One of the primary indicators of the health of your hair is its elasticity. Healthy hair has a high level of elasticity, which gives it body, bounce and curl formation. Elasticity makes it possible to style hair and also is responsible for curl retention. But what exactly does the term elasticity mean? We know it has to do with the stretchiness of our hair, and we know it is a desirable property, but it may not be entirely clear what it is.

Also, what contributes to elasticity of hair, and how can we maintain or improve the quality in our own locks? These are important questions, and as always, much insight can be gleaned by an examination of the fundamental principles as well as the molecular structures that make up the hair.

What Does Elasticity Mean?

Elasticity is a term used to describe how a material responds to the application and removal of a specific type of mechanical load (pulling and/or bending). When a stress (force per unit area) is applied to a material, it stretches a certain amount beyond is original length. This deformation is dependent upon the stiffness or rigidity of the material. The ratio of applied stress to the amount of deformation/elongation that occurs is called the elastic (or Young’s) modulus.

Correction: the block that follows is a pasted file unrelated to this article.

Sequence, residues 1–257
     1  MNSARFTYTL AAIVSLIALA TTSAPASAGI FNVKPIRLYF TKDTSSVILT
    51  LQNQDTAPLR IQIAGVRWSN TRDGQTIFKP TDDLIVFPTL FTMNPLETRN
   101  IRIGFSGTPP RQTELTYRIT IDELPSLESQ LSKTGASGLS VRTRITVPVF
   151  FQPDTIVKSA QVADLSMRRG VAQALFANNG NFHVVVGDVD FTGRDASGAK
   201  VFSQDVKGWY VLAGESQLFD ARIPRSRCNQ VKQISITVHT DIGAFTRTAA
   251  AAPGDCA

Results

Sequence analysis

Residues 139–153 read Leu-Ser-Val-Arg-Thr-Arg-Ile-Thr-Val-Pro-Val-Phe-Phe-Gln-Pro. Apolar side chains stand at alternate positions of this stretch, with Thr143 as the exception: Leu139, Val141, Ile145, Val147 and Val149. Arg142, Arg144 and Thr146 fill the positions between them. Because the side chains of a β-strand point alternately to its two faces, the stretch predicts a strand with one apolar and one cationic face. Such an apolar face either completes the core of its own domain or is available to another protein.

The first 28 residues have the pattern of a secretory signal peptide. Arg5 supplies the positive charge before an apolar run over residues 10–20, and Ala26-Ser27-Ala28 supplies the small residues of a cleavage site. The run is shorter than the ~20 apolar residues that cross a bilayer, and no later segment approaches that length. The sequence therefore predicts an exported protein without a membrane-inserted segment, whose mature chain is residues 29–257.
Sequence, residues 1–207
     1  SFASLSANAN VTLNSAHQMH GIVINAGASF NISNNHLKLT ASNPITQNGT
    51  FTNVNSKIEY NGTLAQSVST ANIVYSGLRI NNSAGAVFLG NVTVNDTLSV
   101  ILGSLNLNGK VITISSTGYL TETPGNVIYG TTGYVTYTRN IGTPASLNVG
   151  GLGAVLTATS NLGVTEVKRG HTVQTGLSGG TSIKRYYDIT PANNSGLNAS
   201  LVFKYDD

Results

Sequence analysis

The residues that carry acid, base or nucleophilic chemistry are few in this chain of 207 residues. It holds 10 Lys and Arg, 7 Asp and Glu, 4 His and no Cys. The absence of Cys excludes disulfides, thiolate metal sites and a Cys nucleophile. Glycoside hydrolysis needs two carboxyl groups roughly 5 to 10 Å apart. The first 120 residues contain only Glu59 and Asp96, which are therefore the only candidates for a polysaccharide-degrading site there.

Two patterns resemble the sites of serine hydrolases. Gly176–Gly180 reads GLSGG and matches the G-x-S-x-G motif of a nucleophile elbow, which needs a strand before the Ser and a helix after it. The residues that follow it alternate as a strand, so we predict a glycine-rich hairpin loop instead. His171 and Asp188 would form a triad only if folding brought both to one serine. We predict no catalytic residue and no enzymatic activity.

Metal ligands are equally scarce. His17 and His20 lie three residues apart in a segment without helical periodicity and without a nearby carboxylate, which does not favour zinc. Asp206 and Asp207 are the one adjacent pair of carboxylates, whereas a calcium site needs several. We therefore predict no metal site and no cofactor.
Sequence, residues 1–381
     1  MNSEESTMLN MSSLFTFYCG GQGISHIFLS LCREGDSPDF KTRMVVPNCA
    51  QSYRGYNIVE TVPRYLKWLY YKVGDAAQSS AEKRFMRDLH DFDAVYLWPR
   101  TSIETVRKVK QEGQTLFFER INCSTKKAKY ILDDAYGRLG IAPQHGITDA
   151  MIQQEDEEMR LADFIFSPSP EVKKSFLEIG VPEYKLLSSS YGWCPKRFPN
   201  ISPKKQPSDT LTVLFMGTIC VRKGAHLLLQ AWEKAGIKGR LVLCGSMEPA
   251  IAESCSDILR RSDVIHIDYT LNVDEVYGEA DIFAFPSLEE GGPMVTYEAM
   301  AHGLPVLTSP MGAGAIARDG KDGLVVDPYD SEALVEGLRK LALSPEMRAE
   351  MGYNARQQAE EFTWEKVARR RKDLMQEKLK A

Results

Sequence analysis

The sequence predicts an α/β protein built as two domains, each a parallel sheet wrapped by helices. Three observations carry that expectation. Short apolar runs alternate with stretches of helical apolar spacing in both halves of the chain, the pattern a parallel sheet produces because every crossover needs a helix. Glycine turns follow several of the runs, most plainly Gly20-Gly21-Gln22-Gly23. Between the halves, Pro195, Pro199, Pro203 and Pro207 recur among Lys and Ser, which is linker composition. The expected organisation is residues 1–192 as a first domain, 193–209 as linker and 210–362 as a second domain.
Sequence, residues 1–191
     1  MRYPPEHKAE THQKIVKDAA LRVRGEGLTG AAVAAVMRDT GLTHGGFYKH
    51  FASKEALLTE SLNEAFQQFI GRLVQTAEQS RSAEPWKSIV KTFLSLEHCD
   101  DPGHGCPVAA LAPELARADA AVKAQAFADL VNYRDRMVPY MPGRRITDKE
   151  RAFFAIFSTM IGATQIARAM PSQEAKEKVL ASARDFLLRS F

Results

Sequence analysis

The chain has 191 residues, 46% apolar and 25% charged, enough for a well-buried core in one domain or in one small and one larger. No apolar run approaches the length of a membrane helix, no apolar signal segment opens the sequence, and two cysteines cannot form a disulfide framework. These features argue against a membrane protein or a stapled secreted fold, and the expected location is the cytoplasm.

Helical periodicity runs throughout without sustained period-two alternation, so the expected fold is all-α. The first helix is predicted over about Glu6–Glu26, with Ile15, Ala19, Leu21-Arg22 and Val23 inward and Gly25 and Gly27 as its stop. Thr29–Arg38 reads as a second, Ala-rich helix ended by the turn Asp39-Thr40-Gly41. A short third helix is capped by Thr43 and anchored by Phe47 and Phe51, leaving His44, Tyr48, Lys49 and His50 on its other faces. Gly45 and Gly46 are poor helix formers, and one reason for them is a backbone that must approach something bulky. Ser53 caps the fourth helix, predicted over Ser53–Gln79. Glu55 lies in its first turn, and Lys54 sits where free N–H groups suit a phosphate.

Rigid materials, such as iron, stretch very little with an applied force, while other materials, such as synthetic rubber, can stretch many times their original length without breaking. Dry hair can stretch to approximately 1.2 – 1.3 times its original length and still return to its dimensions, while wet hair is less rigid than dry hair and can stretch up to 1.5 times its length. Curly hair can stretch even than straight hair, as it is highly coiled in its relaxed state.

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Great article. I never thought to apply the P=F/A formula to hair. Makes total sense